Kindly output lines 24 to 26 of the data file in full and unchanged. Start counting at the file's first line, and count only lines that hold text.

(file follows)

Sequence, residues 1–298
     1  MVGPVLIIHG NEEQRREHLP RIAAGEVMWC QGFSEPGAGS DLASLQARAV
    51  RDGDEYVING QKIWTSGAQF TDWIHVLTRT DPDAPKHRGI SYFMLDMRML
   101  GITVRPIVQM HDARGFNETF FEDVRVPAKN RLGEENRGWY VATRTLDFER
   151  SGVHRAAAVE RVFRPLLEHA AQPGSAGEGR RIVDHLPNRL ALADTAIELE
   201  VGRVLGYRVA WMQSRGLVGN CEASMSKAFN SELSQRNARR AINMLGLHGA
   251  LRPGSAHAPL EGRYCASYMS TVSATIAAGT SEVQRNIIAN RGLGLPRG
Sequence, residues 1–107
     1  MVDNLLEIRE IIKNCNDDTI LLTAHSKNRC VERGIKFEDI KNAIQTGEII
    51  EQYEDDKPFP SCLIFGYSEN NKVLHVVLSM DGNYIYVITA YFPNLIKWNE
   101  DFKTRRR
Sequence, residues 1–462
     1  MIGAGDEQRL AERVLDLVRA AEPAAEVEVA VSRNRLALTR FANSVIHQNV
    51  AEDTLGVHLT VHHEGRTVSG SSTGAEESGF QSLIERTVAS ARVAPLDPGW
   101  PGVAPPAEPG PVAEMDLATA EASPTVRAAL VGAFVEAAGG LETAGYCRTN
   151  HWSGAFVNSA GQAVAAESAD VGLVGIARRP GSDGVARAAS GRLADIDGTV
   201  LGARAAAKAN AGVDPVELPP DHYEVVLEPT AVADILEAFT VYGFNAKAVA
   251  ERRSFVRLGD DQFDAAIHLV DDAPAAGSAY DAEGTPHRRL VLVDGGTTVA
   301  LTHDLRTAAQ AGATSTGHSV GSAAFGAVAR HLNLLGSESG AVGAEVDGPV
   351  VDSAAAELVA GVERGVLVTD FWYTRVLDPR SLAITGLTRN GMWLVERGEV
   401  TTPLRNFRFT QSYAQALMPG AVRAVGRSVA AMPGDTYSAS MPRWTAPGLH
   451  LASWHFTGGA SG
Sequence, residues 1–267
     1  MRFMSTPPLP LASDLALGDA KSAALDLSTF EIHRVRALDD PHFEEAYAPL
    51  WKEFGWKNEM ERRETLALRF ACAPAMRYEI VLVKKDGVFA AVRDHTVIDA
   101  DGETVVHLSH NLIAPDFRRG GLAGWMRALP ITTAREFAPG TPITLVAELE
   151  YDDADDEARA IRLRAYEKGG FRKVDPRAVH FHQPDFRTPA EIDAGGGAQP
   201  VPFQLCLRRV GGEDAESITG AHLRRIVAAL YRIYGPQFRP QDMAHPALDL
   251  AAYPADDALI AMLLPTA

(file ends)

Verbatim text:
     1  MRFMSTPPLP LASDLALGDA KSAALDLSTF EIHRVRALDD PHFEEAYAPL
    51  WKEFGWKNEM ERRETLALRF ACAPAMRYEI VLVKKDGVFA AVRDHTVIDA
   101  DGETVVHLSH NLIAPDFRRG GLAGWMRALP ITTAREFAPG TPITLVAELE